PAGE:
Plans announced to provide help for vulnerable famiies.
Acorns Children’s Hospice in the West Midlands has become one of the first children’s hospices in the UK to publish its emergency plans in response to the deepening coronavirus pandemic.
The charity, which cares for life limited children and their families, has moved quickly in support of the emergency effort to help some of the most vulnerable families in the region, and directly support the NHS Covid-19 response.
The plan will involve a temporary closure of its hospice in Birmingham, which, due to its location close to large acute trusts in the city, will be formally offered as a Covid-19 facility for patients of any age. Staff from the hospice will be redeployed to other Acorns hospices based in Walsall and Worcester.
Acorns in the Black Country, the charity’s hospice based in Walsall, will be offered for children with complex medical needs currently being looked after in local hospitals, providing a safe environment for those children whilst helping the NHS maximise their own intensive care capability.
Acorns Chief Executive, Toby Porter, said: “In these unprecedented times, Acorns is stepping-up. These plans will allow us to continue to prioritise children’s hospice care for the most vulnerable children and families, whilst directly or indirectly supporting the wider emergency response of our NHS and social care system, by increasing intensive care bed capacity in our hospitals.”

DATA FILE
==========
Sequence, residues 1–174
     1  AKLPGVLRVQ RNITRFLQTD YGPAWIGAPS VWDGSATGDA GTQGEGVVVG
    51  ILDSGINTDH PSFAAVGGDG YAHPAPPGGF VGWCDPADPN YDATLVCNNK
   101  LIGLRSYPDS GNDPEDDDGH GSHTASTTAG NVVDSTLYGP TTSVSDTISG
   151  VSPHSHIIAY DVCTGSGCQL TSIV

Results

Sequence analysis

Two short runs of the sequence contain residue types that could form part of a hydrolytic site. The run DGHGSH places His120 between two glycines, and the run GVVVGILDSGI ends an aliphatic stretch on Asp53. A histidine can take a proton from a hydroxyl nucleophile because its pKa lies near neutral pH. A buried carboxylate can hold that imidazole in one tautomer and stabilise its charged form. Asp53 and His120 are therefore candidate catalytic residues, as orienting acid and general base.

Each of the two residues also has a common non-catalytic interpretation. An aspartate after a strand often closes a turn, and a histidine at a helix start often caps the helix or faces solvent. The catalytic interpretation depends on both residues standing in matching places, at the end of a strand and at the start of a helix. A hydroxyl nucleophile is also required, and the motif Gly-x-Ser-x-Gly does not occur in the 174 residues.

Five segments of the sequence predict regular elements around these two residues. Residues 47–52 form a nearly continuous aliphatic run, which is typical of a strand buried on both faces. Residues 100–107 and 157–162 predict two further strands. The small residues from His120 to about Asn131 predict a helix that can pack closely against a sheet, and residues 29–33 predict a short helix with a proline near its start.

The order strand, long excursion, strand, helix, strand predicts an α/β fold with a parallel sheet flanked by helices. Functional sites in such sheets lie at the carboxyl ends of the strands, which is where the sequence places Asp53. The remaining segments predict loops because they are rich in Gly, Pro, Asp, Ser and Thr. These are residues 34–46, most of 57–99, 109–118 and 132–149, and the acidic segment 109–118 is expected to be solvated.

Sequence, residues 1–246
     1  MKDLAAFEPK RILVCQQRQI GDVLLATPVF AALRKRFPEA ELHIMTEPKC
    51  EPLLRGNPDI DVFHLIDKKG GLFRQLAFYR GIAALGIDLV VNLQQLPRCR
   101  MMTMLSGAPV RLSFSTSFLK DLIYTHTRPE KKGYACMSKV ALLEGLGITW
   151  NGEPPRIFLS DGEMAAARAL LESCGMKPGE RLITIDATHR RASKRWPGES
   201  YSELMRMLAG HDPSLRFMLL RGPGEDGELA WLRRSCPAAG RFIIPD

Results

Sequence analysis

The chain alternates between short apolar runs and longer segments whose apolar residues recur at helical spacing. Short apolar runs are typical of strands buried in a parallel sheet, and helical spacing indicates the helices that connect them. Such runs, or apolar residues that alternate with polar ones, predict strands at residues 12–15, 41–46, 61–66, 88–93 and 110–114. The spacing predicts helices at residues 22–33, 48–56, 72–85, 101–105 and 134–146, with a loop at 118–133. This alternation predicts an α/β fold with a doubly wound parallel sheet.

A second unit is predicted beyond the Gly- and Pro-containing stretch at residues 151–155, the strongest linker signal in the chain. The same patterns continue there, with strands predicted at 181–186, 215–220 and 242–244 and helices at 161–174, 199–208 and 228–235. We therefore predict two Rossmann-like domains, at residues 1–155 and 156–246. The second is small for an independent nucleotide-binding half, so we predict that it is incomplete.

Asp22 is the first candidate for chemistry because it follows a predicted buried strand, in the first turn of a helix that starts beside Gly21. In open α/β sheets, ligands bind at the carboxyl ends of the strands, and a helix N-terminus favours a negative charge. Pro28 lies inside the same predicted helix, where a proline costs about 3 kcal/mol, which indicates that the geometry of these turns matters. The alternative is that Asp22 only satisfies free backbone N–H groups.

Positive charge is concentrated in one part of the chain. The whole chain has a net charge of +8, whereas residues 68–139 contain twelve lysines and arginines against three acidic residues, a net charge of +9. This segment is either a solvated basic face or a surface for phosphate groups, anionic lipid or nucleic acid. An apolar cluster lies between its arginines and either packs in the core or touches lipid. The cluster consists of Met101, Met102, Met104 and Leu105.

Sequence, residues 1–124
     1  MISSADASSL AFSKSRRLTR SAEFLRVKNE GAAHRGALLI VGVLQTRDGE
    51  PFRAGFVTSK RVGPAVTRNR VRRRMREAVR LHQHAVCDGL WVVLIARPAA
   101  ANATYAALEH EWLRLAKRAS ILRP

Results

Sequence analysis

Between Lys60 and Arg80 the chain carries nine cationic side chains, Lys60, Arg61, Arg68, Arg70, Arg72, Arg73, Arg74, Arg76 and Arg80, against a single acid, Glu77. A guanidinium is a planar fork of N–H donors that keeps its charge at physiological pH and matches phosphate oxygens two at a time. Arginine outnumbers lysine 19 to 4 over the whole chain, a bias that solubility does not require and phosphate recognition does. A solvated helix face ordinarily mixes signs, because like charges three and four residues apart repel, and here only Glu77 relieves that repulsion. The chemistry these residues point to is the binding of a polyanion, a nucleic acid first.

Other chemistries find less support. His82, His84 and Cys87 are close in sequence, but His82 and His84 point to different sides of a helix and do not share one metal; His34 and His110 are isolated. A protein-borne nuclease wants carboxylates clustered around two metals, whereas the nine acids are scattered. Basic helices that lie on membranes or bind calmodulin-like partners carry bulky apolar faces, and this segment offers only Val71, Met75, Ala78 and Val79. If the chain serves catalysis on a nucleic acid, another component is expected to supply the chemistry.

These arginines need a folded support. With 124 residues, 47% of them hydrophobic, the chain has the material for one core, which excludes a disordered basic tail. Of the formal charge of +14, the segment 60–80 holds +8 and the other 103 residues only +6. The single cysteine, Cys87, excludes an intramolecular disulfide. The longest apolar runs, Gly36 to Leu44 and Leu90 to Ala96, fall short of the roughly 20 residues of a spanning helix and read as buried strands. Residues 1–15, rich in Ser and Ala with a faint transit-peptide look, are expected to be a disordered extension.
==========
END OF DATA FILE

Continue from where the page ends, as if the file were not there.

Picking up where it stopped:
As part of the emergency measures, Acorns will provide:
– End of life care for any child or young person that needs it
– A safe and secure environment for any child with life limiting or life threatening illness or condition, who cannot be looked after at home
– A safe and secure environment at Acorns in the Black Country, Walsall, for children with complex conditions currently being cared for in local hospitals, helping NHS hospitals maximise their own intensive care capability to respond to new Covid-19 patients.
– Emotional and practical help to the 600 or so families of children normally cared for at Acorns, and who are almost all now self-isolating at home in very difficult conditions.
Toby Porter added: “We will continually review Acorns services in light of the emergency and there will be a need for our specialist staff and volunteers to show great flexibility as the situation evolves.
“Acorns is proud to have the opportunity at this time of national emergency to continue to provide our highly specialised children’s hospice care and to support our NHS partners. We’re all in this together, and our communities must continue to work together to fight this infection and be there for the most vulnerable.”
In the past year Acorns has cared for over 780 children and more than 1,000 families, including those who are bereaved. The charity relies on donations and fundraising to continue providing its services.
To find out more about Acorns, and to support the charity’s emergency response, visit www.acorns.org.uk/covid-response